The Literal Signature (pinerc name: literal-signature) configuration option is a way to save your signature in your configuration, which therefore can be saved in the server.
When your first see it, you will see "<No Value Set>", if you edit it (press A, to do so), you will see the content of the signature that you created in this line, up to the maximum length that can be displayed in the screen. The character "\n" that you will see represents the Newline character.
The rule that you must remember is that "If you set a value, then that value will be used, and vice versa", in other words, the only way to not to use this configuration option is by leaving it as it is. This also means that if you set this option as your signature, then the Signature File option will be ignored.
You can not set the literal signature to be a script, like you can do with the Signature File, but you can set it to have tokens that will be expanded into their values when a message is composed.
Note that the value "<Empty Value>" for this configuration option (which is obtained by editing this configuration option and not writing anything on it), means that there is no text in your signature, regardless of how you set your Signature File. Since Alpine thinks that you set your signature when editing this variable, there will be two empty lines and an empty signature at the end of the e-mail. You can delete the "Empty Value", value, by pressing "D", this will restore the value to <No Value Set>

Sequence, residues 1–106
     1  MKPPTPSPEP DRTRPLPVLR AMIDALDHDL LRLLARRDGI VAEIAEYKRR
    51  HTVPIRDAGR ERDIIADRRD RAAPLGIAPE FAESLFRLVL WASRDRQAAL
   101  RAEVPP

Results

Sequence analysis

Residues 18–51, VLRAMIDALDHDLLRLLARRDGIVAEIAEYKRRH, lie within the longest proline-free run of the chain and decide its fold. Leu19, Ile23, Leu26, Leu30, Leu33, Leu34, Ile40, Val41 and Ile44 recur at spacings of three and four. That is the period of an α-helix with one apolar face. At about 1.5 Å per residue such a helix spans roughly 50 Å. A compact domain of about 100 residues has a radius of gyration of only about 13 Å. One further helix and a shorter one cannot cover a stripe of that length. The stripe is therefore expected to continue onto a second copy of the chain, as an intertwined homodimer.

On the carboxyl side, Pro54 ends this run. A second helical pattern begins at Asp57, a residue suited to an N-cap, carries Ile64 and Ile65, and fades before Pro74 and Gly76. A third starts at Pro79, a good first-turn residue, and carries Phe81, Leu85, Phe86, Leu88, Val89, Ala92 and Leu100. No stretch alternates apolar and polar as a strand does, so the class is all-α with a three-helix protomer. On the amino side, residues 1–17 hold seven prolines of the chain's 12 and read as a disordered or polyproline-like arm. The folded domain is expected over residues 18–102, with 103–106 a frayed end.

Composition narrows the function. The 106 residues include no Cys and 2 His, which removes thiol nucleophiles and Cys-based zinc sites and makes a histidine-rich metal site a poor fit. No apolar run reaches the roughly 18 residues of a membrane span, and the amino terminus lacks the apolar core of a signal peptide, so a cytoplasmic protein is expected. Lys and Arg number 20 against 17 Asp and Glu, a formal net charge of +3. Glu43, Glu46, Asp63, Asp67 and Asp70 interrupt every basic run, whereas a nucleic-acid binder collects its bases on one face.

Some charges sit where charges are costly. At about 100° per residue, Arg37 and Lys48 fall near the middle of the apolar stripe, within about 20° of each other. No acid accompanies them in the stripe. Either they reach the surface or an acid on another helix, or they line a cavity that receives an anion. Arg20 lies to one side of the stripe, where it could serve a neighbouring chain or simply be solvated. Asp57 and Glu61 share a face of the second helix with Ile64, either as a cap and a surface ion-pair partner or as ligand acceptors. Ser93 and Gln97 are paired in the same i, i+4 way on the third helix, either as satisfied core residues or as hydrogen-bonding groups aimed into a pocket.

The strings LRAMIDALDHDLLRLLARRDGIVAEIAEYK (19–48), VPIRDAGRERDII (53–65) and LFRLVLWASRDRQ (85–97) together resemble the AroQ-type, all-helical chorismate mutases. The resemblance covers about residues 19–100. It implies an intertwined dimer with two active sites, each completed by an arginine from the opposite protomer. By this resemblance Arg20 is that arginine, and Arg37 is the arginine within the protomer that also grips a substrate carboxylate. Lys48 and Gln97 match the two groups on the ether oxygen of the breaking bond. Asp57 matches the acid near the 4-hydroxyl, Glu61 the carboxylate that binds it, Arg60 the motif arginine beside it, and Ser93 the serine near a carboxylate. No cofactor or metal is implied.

Roles give you the ability to set a signature file and a literal-signature, in the same way that the main configuration allows you to do so.
This means that when you edit a role, you may have two Literal Signature definitions and two Signature File definitions, but which one will be used?
Here are the rules: if you do not define any of the signature options in the role, then the option that will be used is the same that it would have been used if you had not composed with a role.
If you set your Literal Signature in the main configuration then this will be used, unless you set your Literal Signature in the role, in whose case it will use the one in the role. If you do not set neither of both Literal Signatures, then it will look for the Signature File configuration options, if you have one set in the main configuration, it will use that one, but if you set one in the role, it will use the one in the role.
In other words, if you set the Literal Signature in the main configuration screen, then you will have to set the Literal Signature in every role that you do not want it to be used, and using the Literal Signature in a role means that your setting for the Signature File in that role, will be ignored, as well as your main signature file.